policies that underpin them. From a practical perspective, it is therefore critical to defi ne what is meant by business fl exibility and employee experience, especially as these are somewhat nebulous terms and refer to a multitude of understandings. Improved fl exibility for the business may lie in, for example, enhanced technology, simplifi cation of mobility policy delivery options, core-fl ex options and so on. For employee experience,

improvements may refer to off ering online-driven information, fl exibility and choice of benefi ts, cash lump sums, cafeteria benefi ts, tailored programmes, focused delivery of items and so on. It is likely that the nature of the positive employee experience is as unique as each individual move. It is important therefore that global mobility professionals talk to the business, as well as assignees, to ensure a full understanding of how business fl exibility and the mobility experience can be improved.


ARRANGEMENTS A further current area of interest lies in the use of core-fl ex global mobility policies. According to AIRINC’s 2020 research into this aspect of global mobility, only 14% of organisations currently use a core-fl ex approach to global mobility policy. Yet, 36% of fi rms are considering introducing core-fl ex in the future. The current Covid-19 crisis

places increased emphasis on the potential benefi ts of using a core-fl ex arrangement to assist with business fl exibility – something likely to become even more paramount during and after the pandemic. Core-fl ex arrangements can be used to address changing business needs, diff erent types of mobility and deliver competitive practice while serving to reinforce the mobility culture of an organisation. It is important to note that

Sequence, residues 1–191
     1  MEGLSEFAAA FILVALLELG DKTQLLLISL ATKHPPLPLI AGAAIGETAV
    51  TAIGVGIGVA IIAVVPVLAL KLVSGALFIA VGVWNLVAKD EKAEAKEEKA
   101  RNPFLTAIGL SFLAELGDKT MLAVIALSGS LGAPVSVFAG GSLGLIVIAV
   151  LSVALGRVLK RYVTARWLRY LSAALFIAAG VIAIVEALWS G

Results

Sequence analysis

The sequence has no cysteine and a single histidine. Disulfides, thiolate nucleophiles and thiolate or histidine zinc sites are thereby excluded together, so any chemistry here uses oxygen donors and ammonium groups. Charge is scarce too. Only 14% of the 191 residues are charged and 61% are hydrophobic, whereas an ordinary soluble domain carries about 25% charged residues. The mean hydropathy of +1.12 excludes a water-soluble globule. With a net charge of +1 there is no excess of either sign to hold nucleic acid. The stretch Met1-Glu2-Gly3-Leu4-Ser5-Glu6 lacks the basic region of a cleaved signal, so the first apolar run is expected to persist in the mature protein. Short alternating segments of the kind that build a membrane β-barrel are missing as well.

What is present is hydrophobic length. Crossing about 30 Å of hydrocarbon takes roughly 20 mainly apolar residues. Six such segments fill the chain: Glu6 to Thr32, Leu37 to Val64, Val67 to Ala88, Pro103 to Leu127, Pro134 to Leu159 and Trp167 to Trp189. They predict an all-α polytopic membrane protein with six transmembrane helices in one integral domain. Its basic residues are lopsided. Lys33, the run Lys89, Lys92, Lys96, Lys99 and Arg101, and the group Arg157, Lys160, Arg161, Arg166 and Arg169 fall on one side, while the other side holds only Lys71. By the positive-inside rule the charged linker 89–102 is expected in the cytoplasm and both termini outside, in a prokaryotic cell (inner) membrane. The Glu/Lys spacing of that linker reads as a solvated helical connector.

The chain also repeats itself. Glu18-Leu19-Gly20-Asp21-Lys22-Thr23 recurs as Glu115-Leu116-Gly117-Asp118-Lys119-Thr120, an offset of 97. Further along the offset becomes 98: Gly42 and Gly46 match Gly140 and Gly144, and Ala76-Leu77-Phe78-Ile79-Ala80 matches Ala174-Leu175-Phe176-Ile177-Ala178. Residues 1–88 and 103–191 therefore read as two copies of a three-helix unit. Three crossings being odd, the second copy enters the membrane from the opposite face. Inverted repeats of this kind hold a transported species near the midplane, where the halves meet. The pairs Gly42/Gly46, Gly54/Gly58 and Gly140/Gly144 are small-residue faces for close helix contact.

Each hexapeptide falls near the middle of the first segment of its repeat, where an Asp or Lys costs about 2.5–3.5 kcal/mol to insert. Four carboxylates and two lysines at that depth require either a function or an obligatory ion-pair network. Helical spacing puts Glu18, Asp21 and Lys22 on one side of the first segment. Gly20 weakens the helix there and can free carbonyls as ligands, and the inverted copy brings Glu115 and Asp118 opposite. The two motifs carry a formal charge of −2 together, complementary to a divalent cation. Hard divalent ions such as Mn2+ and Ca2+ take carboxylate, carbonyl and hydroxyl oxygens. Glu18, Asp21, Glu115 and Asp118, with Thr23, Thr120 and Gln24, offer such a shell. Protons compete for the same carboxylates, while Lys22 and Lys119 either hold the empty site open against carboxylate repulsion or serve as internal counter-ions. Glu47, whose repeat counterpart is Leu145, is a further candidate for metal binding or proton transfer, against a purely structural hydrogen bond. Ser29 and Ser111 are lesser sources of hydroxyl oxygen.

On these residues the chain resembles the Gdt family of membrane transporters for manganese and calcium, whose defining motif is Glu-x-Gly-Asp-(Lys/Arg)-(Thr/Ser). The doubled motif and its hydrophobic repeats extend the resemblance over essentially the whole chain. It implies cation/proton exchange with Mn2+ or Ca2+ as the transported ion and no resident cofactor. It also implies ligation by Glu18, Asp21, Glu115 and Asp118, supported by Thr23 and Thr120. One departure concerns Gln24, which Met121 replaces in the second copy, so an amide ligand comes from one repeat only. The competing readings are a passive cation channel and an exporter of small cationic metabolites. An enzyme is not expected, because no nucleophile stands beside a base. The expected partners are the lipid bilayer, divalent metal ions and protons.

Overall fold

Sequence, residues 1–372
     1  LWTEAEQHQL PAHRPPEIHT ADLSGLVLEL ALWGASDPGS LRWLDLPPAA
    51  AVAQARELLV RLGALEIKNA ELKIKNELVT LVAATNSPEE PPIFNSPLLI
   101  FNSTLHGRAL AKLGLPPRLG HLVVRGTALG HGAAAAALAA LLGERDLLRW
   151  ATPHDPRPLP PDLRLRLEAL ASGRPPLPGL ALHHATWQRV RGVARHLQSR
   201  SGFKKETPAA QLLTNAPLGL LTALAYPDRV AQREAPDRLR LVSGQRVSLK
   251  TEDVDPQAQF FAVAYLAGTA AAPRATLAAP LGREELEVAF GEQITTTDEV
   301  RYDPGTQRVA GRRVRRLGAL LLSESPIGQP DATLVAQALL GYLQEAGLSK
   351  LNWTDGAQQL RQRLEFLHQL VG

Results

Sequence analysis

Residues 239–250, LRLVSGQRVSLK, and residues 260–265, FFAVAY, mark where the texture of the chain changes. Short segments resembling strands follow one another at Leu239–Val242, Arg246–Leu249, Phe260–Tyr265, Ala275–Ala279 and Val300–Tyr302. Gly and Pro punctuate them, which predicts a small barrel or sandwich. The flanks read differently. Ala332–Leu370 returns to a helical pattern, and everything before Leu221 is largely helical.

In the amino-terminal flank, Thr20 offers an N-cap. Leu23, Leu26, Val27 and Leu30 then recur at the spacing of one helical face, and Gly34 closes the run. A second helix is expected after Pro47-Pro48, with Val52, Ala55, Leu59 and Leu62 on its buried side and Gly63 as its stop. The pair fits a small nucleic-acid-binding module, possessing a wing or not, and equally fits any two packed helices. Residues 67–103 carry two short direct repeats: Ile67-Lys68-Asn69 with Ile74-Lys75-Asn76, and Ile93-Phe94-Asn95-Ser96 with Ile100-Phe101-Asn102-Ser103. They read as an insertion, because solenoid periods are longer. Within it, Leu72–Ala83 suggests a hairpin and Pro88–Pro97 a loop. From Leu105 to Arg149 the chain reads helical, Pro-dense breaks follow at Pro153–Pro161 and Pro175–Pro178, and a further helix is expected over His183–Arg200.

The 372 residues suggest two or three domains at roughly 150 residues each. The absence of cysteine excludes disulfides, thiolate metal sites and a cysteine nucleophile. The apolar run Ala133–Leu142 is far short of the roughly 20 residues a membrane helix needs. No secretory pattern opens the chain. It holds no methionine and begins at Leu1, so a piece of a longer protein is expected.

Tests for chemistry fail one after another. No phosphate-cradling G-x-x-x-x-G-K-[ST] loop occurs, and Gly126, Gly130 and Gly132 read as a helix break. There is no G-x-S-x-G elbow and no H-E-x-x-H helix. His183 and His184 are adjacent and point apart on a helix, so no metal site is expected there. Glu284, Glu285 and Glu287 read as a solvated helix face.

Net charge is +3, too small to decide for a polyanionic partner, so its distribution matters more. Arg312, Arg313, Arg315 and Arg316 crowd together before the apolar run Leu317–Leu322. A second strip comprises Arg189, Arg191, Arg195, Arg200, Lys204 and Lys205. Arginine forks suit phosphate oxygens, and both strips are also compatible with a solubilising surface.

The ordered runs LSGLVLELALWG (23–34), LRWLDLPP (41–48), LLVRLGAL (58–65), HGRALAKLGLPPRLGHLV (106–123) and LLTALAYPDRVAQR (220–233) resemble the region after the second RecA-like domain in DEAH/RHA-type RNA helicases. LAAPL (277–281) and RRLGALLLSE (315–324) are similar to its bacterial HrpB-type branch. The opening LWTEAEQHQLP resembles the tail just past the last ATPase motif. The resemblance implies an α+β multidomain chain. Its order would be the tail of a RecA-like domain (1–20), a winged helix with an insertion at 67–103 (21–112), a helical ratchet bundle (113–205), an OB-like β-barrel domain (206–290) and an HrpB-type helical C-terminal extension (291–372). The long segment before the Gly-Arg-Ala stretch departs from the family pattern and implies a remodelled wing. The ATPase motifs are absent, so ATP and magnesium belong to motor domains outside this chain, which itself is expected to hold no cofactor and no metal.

core-fl ex arrangements diff er from cafeteria benefi ts programmes. Under the latter, the emphasis lies in employee choice and the focus is on improving employee experience. However, employees can make poor choices and undermine policy intentions. Clear communication is needed to ensure where employee choice is included the implications of employee decisions are made

DESIGNING CORE-FLEX PROGRAMMES There are a number of options when designing and introducing core- fl ex arrangements, as opposed to cafeteria benefi ts. At its simplest, a core-fl ex policy provides core benefi ts to all, ensuring compliance and duty of care are met regardless of assignment type and location. Each additional support element – the fl ex components – are either given or not with the decision-making under the control of the business. Core provision plus an

incremental approach to any fl ex employee support provides a more tailored core-fl ex option and meets the business fl exibility objective more closely. The core is again delivered to all, but a fl exible approach is off ered on delivery of support items from a series of pre- defi ned support levels (such as fi xed amounts of time/money/items). A further, and even more